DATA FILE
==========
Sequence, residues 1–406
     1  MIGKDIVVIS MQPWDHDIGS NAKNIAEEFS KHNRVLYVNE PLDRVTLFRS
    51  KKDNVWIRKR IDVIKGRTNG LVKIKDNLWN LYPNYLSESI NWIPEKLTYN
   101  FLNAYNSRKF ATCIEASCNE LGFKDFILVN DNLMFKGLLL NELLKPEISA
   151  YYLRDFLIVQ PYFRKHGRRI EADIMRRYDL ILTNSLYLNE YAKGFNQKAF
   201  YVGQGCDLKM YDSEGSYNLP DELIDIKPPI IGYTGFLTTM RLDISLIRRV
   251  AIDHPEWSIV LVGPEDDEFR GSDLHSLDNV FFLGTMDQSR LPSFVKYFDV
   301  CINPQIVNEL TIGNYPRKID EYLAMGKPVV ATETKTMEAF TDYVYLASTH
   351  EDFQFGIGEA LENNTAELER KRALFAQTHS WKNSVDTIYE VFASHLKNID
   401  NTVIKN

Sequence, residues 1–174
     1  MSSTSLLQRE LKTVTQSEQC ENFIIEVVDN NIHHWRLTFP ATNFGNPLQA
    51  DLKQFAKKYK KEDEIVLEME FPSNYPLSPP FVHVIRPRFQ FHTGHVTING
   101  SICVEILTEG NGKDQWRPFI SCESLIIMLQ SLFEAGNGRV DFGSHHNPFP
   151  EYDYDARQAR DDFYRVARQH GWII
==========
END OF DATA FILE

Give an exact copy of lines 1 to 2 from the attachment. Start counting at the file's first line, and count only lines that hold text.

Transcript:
Sequence, residues 1–406
     1  MIGKDIVVIS MQPWDHDIGS NAKNIAEEFS KHNRVLYVNE PLDRVTLFRS